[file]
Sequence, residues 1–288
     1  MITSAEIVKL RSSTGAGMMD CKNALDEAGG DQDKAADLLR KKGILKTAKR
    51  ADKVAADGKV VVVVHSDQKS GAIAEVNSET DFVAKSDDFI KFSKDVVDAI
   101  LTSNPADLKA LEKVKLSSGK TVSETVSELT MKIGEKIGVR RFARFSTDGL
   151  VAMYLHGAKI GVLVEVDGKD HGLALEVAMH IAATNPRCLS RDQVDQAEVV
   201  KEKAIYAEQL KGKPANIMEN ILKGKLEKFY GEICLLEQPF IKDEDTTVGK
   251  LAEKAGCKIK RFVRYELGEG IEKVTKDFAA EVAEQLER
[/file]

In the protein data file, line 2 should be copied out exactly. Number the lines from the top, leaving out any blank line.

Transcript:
     1  MITSAEIVKL RSSTGAGMMD CKNALDEAGG DQDKAADLLR KKGILKTAKR